“What stood out the most was the warmth from both students and the professors,” Chudongkaew said. “Their welcoming nature and valuable insights made it the best time of my pharmacy student life. I’m grateful for these memories and lessons that will undoubtedly shape my career.”

Suwannapoome said pharmacy technology in the U.S. is more advanced than in Thailand, noting the use of paperless systems and more efficient dispensing machines, along with conveniences like drive-thru pickup at local pharmacies.

“My time at the UAMS College of Pharmacy was the most memorable experience of my life,” Suwannapoome said. “These rotations provided invaluable insights into patient treatment. I can see how advanced technologies and a clinical approach significantly enhance the accuracy and quality of life for patients at UAMS.”

Fourth-year pharmacy student Alan Herrera-Rueda was one of three College of Pharmacy students to do a four-week rotation at Phramongkutklao (PMK) Hospital in Bangkok. PMK is the official hospital of the Royal Thai Army and trains doctors to treat service members.

COP Students at Thailand Rural Clinic

College of Pharmacy students Tiara Mickens, Alan Herrera-Rueda and Austin Richards visited a rural clinic in Thailand during their rotations.Alan Herrera-Rueda

Herrera-Rueda said he noticed differences and similarities in Thailand’s health care system. For instance, the country has universal health care, with some plans costing as low as $1. Military members and government employees receive additional benefits. It also shares similar guiding principles to Western medicine but lacks a nuclear pharmacy program.

“One of the biggest takeaways I learned from the experience is to not be afraid to travel,” Herrera-Rueda said. “It was a wonderful experience, and I am grateful I had a chance to go.”

Rome rotations, sponsored by the University of Arkansas Rome Center, focus on cultural immersion, interprofessional experiences, and on-site learning about pharmacy and the Italian health care system. The rotations first came about when Heldenbrand was on his honeymoon in Rome in 2019, and he and his wife dined near the center without realizing it.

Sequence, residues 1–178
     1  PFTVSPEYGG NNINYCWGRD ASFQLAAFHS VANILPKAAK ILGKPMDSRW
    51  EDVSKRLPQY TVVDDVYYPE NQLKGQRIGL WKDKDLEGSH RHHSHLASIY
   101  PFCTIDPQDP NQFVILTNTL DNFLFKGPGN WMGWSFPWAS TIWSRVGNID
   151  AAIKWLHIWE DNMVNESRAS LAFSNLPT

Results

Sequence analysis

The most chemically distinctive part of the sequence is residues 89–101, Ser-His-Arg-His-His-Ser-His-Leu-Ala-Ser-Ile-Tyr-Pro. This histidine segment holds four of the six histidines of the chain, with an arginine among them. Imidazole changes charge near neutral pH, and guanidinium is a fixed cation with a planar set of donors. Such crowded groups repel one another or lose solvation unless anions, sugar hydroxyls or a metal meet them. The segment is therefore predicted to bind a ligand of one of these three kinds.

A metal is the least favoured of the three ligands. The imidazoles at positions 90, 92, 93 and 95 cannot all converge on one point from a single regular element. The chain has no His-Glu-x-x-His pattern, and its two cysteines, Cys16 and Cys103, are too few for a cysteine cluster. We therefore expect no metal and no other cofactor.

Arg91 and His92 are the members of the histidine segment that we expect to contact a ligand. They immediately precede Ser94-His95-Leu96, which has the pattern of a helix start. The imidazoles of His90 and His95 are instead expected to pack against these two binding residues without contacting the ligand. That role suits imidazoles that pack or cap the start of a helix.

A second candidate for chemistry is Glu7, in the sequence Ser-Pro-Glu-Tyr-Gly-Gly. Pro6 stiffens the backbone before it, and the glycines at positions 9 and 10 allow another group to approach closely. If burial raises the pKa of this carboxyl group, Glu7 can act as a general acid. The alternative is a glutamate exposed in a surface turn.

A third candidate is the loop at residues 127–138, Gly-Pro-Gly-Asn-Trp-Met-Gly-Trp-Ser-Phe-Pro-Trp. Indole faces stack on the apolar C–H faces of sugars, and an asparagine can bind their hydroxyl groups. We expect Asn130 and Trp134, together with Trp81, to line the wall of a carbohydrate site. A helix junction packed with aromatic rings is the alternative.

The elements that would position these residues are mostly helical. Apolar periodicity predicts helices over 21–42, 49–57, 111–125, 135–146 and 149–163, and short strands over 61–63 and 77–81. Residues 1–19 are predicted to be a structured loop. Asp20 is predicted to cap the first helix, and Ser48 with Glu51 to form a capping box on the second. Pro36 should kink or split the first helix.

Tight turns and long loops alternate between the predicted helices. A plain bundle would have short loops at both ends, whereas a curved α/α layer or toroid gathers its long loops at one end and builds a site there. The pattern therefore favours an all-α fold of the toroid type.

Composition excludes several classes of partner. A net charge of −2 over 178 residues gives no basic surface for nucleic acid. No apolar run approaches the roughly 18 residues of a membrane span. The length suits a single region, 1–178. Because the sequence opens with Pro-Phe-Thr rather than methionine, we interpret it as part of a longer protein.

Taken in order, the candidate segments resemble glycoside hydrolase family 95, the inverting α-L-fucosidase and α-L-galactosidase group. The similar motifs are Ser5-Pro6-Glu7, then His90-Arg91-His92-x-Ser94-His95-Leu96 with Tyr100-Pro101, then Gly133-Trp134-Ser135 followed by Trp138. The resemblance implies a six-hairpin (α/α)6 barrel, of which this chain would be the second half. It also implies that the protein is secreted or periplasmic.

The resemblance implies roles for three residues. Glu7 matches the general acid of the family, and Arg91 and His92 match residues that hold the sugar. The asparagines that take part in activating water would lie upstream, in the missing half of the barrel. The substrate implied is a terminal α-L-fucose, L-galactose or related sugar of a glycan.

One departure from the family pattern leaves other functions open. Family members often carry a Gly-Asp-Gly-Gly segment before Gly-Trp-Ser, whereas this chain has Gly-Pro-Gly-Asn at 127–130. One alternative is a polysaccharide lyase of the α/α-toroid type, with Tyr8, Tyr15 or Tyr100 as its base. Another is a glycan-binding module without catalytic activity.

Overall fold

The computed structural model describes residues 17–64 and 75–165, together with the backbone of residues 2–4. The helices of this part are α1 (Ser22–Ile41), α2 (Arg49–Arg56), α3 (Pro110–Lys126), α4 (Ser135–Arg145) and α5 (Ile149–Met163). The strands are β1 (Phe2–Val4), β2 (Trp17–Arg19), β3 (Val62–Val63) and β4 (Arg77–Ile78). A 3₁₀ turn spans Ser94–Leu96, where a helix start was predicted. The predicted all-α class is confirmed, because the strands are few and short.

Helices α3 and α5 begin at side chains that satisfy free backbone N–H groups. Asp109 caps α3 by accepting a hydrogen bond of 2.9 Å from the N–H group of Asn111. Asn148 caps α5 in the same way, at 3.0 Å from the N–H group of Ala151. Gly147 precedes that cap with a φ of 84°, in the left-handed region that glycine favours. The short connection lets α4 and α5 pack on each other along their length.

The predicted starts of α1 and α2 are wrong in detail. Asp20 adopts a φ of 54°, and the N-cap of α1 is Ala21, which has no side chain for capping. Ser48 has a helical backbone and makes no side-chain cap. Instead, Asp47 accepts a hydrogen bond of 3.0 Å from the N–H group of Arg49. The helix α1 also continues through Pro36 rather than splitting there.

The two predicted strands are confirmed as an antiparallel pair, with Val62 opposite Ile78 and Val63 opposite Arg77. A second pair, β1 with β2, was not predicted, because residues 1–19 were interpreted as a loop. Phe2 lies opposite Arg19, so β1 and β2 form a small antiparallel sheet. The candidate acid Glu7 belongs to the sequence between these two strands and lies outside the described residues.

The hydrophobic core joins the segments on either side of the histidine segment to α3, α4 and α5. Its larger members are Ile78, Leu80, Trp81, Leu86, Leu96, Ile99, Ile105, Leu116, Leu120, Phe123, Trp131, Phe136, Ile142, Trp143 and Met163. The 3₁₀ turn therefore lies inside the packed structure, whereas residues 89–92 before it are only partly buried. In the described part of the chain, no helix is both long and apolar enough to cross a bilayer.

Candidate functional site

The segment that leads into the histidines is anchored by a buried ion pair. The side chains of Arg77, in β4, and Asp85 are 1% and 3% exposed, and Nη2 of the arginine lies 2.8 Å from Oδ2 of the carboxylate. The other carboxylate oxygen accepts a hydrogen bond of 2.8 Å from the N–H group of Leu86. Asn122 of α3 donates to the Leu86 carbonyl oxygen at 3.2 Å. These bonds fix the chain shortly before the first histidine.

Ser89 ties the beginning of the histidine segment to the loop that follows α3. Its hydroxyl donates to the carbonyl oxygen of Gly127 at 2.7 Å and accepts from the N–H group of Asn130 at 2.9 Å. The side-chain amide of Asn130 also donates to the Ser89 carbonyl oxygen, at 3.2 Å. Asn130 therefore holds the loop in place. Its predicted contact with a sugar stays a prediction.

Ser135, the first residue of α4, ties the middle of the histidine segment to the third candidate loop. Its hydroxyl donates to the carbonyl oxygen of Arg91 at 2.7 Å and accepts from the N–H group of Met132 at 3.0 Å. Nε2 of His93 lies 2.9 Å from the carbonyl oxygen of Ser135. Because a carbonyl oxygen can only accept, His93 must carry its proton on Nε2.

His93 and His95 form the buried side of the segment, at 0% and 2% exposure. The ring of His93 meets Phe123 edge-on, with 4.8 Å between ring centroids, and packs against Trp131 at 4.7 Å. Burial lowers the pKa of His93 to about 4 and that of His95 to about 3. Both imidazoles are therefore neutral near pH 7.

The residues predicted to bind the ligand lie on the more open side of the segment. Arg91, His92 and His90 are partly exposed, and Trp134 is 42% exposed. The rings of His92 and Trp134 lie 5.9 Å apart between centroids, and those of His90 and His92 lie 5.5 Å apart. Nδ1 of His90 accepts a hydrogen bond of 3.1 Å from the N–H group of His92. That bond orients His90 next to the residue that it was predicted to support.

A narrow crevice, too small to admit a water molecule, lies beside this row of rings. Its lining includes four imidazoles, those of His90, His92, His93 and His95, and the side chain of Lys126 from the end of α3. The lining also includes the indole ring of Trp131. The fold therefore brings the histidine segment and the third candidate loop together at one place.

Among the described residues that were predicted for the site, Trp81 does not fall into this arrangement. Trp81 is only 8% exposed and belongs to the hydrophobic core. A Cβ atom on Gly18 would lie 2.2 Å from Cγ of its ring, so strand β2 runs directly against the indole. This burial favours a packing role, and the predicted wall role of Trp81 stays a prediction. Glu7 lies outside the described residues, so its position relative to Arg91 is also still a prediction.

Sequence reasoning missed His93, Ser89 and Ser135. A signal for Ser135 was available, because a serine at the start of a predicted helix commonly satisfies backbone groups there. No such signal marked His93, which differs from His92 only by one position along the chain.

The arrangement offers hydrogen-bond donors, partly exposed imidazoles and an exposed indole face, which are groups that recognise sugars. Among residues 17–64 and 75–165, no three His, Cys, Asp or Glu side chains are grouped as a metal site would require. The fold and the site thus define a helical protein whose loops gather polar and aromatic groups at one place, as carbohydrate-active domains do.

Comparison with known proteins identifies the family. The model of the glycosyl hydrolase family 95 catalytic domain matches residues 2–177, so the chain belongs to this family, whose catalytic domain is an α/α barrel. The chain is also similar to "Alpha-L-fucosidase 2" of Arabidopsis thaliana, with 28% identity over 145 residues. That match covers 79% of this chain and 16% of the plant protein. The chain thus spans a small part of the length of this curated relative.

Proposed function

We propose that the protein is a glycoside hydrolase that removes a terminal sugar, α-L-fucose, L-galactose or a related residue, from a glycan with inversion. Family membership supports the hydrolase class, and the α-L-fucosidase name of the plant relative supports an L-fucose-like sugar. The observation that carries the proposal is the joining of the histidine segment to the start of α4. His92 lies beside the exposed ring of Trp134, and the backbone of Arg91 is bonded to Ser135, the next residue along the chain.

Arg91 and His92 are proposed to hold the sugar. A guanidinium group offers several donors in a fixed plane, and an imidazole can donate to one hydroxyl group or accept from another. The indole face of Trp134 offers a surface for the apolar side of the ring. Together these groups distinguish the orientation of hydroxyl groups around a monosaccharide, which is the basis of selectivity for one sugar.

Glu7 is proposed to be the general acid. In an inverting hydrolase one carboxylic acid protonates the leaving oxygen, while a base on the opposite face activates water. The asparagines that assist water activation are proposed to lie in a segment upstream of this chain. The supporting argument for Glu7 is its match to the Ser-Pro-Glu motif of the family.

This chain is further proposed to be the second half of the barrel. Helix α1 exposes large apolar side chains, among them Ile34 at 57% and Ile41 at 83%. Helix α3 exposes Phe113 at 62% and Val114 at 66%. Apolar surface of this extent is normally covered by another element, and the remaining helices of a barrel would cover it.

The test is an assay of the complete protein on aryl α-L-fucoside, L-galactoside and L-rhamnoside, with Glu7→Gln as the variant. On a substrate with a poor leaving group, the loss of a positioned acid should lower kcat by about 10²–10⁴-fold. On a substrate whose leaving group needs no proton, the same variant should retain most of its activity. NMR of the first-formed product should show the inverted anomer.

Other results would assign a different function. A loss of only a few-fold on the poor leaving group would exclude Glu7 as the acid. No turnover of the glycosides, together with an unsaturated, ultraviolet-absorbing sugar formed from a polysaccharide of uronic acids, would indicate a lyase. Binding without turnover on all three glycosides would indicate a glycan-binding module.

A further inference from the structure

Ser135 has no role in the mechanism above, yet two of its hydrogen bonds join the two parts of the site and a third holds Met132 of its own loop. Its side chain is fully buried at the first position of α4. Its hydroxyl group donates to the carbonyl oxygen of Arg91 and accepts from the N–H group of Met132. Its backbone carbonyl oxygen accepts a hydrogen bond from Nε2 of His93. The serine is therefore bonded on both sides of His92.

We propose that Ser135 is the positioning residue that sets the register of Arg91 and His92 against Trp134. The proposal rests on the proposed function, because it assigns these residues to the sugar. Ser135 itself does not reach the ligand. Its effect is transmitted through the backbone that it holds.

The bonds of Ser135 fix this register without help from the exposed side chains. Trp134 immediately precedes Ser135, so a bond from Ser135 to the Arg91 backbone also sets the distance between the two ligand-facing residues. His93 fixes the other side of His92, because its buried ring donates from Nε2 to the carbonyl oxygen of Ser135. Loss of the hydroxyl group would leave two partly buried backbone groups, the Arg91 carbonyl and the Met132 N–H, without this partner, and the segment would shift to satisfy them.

“We’re finishing up lunch, and in walks an Italian gentleman with an Arkansas Razorbacks T-shirt,” Heldenbrand said. “We got to talking, toured the center and started emailing, and one year later, we had 10 student pharmacists headed to Rome.”

Fourth-year pharmacy student Amanda Russell spent her rotation in Rome with 15 other College of Pharmacy students and came away impressed.

COP Students at Capuchin Crypt

Cultural immersion was one aspect of the Rome rotation. Here College of Pharmacy students visit the Museum and Crypt of the Capuchin Friars in Rome.Amanda Russell

“We were able to meet with pharmacists around the city and discover the similarities and differences in care there versus at home,” Russell said. “One of my favorite activities was visiting Gemelli Hospital, where the pope receives care and treatment.”

Students visited many well-known historic sites in Rome, including the Colosseum and the Roman Forum. There was also a weekend trip to Florence and the Officina Profumo-Farmaceutica di Santa Maria Novella, which is the oldest pharmacy in the world, dating back to 1221.

“As someone who had previously visited Rome more than a decade ago, I loved getting to spend more quality time in this amazing, ancient city,” Russell said. “The month went by so quickly, and I wished it would never end. I am so thankful to the College of Pharmacy for giving me the opportunity to have this once-in-a-lifetime experience.”

“We try to match students to the experience that they’re most interested in,” Heldenbrand said. “Each rotation is an amazing learning opportunity, and we’re proud to be able to offer these experiences to our student pharmacists.”